“It’s going to be difficult for the community,” Stoddart said. “A lot of the community that are in close proximity to that hospital may not have the transportation to get across town to some of the other hospitals. It’s really going to be a big loss, especially for that area farther south because now you have closures of two of their emergency hospitals, and so, now you have almost the entire South Atlanta population not having any trauma hospitals close by.”

The closure heavily affects underprivileged Atlanta residents who can not afford expensive medical treatment. According to the American Hospital Directory, the Atlanta Medical Center was the primary hospital for three zip codes: 30331, 30344 and 30315. The U.S. census bureau discloses that these zip codes have a median income of 33,198 dollars per year.

“There were a decent number of patients who received indigent or pro bono care there and now those patients will need to be able to find their care somewhere else, and the lion’s share of that burden will fall to both Grady and probably Piedmont Atlanta,” Dr. Railey said.

Stoddart has concerns of overcrowding and understaffing in other hospitals.

“From a staffing standpoint, I know a lot of the other hospitals have had to absorb those patients that would normally go to Atlanta Medical,” Stoddart said. “A lot of the staff are overworked; the beds are filled, and they are probably having a discharge sooner than they normally would just to try to accommodate the increase in the patient population.”

Dr. Railey said that Piedmont is in the beginning stages of addressing any adjustments as a result of Atlanta Medical Center’s closing.

“We are currently assessing how our volume changes in our ERs; that’s the main place where we would feel the change in volume,” Dr. Railey said. “We’re determining whether we need to staff more doctors or nurses, and we’re still trying to figure that out. We’re still in the data-gathering phase, to know what we’re going to need to do long term.”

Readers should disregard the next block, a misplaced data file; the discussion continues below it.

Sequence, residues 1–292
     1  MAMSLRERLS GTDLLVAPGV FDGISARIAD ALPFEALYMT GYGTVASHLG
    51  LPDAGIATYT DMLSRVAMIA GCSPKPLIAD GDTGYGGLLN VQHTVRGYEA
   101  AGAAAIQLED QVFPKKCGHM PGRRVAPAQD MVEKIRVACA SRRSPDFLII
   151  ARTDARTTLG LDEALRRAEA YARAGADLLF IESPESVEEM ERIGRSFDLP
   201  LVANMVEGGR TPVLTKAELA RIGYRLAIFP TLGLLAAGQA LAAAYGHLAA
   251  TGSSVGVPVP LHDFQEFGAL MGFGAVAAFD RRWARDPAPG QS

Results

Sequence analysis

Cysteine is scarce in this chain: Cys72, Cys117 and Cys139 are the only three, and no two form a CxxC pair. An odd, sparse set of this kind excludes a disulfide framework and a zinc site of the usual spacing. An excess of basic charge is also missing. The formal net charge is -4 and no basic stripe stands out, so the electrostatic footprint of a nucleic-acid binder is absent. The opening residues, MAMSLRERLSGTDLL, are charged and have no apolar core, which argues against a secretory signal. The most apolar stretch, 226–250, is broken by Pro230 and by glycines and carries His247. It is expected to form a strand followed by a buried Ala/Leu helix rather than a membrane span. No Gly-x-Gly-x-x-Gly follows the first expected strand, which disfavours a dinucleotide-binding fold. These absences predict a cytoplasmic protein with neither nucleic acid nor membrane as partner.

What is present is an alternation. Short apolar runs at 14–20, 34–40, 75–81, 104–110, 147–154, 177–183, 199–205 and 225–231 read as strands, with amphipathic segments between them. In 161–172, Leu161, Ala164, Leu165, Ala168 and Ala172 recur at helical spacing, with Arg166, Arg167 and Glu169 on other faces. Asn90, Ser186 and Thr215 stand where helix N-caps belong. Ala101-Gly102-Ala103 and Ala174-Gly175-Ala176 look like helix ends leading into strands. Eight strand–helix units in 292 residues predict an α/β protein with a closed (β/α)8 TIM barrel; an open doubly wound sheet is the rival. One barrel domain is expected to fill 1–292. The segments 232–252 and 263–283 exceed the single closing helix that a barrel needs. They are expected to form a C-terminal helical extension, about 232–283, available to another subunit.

Unfortunately, the closing of Wellstar’s Atlanta Medical Center is just one of many closures across Georgia and the U.S.

“It’s more than just the Wellstar,” Koutsos said. “If you look across the United States, there’s more and more hospitals that are closing down, especially in rural areas, or communities that aren’t able to pay their bills, or are dependent on other resources to help cover their costs. This trend is probably not going to go away anytime soon, and that’s why, sometimes, you see hospitals like Piedmont get bigger because we acquire other hospitals that are maybe in financial need, or need assistance in other ways, and they just become part of a big system.”

Despite the negative impacts the closure will likely have, Koutsos encourages people to be understanding of why the hospital closed.

“People are upset; they feel like they’re being done wrong,” Koutsos said. “Wellstar may be our competitor, but I don’t think Wellstar is doing this maliciously. At the end of the day, they’ve got to be able to pay their doctors and pay their bills to keep the lights on. If you’ve got a part of your business that is losing money, and you’re unable to keep it sustaining, and it starts to drain the other facilities or parts of your company, then unfortunately, you’ve got to make a tough decision to say, ‘Does this make sense long term?’”

Stoddart hopes government officials and hospital officials look into ways in which improvements can be made.

“I hope that there are some resolutions that come about quickly, and hopefully it will come from the state helping out because this is a big impact,” Stoddart said. “I don’t know if it’s really being addressed as much as it should be because there is a large demographic that is going to be highly impacted negatively because of this.”